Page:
Lies, dammed lies and statistics

FASEA issued a media release at the start of August stating that 16,700 advisers had sat the exam with 14,850 advisers passing, which FASEA said represented 70 per cent of advisers on the Financial Advisers Register (FAR), leaving 30 per cent of advisers to pass or attempt the exam twice before the end of the year.

However, Wealth Data noted that these figures fail to adequately reflect adviser exits and attrition. Additionally, Director of Wealth Data, Colin Williams noted that FASEA had announced previously that 74 per cent of advisers had passed the exam, but this included 1,300 advisers who are not current on the FAR. Wealth Data pointed out that 70 per cent of ‘active’ advisers equates to around 13,544.

Williams pointed out that the 13,544 exam passes would equate to 65% of advisers at the start of 2021; 57 per cent of advisers as of January 1, 2020 and 48 per cent as of January 1, 2019. As he noted, the pass rate of 70 per cent does not tell the full story.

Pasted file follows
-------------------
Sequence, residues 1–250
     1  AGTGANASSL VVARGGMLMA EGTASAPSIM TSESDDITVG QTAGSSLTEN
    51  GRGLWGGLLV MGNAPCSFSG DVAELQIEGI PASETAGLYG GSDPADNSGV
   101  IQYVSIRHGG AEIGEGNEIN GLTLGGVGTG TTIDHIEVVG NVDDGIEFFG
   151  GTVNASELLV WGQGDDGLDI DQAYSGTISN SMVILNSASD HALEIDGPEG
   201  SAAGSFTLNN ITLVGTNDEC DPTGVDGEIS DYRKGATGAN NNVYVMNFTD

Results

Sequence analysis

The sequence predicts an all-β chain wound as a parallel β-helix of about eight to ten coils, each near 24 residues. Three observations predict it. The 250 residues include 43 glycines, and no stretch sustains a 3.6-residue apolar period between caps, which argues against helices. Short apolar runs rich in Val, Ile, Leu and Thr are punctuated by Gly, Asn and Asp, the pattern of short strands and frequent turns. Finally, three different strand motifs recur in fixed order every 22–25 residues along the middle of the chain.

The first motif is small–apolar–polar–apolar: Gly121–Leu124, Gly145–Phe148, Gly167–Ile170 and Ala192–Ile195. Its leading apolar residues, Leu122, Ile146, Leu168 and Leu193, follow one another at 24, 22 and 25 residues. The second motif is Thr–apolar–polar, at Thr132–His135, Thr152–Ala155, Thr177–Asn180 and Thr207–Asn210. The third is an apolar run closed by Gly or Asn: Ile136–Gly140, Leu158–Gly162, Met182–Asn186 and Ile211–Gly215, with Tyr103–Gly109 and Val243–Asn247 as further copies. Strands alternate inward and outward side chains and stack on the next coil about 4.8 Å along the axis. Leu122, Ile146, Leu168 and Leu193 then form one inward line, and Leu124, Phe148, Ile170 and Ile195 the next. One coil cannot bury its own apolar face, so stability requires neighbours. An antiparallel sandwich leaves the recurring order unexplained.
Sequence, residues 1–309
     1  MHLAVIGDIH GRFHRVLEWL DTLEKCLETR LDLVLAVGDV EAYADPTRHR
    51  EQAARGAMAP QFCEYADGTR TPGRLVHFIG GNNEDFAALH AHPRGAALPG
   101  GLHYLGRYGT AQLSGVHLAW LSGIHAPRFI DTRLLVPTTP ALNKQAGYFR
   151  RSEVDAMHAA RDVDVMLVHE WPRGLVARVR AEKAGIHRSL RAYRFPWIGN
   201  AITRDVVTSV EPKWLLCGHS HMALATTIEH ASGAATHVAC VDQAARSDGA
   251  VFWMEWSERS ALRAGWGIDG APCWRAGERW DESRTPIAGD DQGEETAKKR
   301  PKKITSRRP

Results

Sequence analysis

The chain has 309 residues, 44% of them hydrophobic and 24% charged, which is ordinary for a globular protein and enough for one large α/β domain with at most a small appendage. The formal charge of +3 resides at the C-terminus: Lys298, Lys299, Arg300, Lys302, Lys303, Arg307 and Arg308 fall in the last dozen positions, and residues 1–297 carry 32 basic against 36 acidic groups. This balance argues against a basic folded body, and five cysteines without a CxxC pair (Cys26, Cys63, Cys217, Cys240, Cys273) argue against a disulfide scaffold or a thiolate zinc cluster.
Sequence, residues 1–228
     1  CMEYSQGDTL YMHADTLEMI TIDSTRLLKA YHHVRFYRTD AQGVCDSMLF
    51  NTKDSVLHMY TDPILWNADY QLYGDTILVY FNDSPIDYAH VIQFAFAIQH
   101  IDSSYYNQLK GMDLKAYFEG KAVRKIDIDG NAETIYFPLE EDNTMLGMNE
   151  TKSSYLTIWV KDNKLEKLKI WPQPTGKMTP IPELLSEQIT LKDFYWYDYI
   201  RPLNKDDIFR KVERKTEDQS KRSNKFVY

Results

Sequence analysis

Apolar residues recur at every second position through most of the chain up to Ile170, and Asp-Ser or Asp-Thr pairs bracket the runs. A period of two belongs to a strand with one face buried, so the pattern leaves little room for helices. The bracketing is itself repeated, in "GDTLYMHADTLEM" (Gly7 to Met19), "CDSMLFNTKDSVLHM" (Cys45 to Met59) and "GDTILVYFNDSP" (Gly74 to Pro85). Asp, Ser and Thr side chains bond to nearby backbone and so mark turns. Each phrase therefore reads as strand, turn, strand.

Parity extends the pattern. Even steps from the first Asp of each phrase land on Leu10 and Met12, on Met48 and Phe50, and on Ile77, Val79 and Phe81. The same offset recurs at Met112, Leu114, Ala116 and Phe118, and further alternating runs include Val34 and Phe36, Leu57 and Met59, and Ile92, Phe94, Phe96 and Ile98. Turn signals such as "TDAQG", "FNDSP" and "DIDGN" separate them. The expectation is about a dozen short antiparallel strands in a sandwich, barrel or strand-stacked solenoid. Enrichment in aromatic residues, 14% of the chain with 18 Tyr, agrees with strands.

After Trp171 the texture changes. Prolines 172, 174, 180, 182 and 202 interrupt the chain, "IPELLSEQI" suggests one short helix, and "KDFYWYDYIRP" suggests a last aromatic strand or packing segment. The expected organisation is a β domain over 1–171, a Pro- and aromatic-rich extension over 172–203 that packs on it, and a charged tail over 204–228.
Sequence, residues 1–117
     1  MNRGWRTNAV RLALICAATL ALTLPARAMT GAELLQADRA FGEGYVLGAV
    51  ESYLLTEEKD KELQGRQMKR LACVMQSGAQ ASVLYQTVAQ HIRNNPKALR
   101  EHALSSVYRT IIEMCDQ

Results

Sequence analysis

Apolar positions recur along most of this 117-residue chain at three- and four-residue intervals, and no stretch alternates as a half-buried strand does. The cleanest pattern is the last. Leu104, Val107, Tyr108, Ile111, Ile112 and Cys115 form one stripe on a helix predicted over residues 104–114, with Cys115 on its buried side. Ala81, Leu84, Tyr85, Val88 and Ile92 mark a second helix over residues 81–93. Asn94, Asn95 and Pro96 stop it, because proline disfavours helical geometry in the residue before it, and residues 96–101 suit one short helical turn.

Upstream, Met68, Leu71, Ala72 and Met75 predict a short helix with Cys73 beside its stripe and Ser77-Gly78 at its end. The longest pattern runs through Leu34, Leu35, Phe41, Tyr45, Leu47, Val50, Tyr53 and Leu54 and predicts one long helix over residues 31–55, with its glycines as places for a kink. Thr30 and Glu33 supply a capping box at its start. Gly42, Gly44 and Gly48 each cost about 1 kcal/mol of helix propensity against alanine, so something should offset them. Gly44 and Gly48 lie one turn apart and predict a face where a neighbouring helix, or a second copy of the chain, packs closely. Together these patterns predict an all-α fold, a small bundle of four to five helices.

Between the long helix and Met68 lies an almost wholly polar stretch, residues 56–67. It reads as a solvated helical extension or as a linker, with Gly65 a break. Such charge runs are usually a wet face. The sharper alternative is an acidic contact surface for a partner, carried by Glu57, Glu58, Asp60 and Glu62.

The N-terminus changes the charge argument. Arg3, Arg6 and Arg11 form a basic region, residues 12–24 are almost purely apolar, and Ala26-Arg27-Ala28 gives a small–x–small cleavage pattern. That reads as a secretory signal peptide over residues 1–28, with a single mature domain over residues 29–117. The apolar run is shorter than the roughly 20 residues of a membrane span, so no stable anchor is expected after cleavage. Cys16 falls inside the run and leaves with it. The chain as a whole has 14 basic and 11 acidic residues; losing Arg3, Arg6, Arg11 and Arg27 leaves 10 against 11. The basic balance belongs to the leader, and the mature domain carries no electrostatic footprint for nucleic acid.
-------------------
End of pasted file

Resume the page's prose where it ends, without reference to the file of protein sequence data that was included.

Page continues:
SAFAA has been warning government and regulators for some time about the exodus of advisers from the industry and the impact this will have on consumer access to affordable advice.

The FASEA release also stated that 89 per cent of exam takers had passed. ‘The high pass rate reflects that the exam is an achievable exam for competent relevant providers regardless of their area of specialisation,’ FASEA said, arguing that its data showed that specialisations could not be argued as a factor for pass rates.

‘Stockbrokers have been particularly vocal that the exam is not fit for purpose,’ FASEA said. ‘FASEA analysis indicated that the pass rate for relevant providers who work for stockbroking Australian financial service licensees (AFSLs) is 84 per cent and that 14 of the 20 stockbroking AFSLs on the FAR have pass rates above 84 per cent.’

Again, research by Wealth Data presents a different picture, noting that the pass rate refers to advisers who have attempted the exam and that there will be stockbrokers who will not sit the exam at all.

And of course, as stockbrokers and investment advisers are aware, failure to pass the exam by the deadline results in the adviser no longer being able to provide personal advice to retail clients. It’s not as if they have another choice if they want to continue in the industry.

The industry was left to ponder the reliability of the FASEA data and recall that the phrase ‘lies, damned lies and statistics’ is used to describe the persuasive power of numbers, particularly the use of statistics to bolster weak arguments.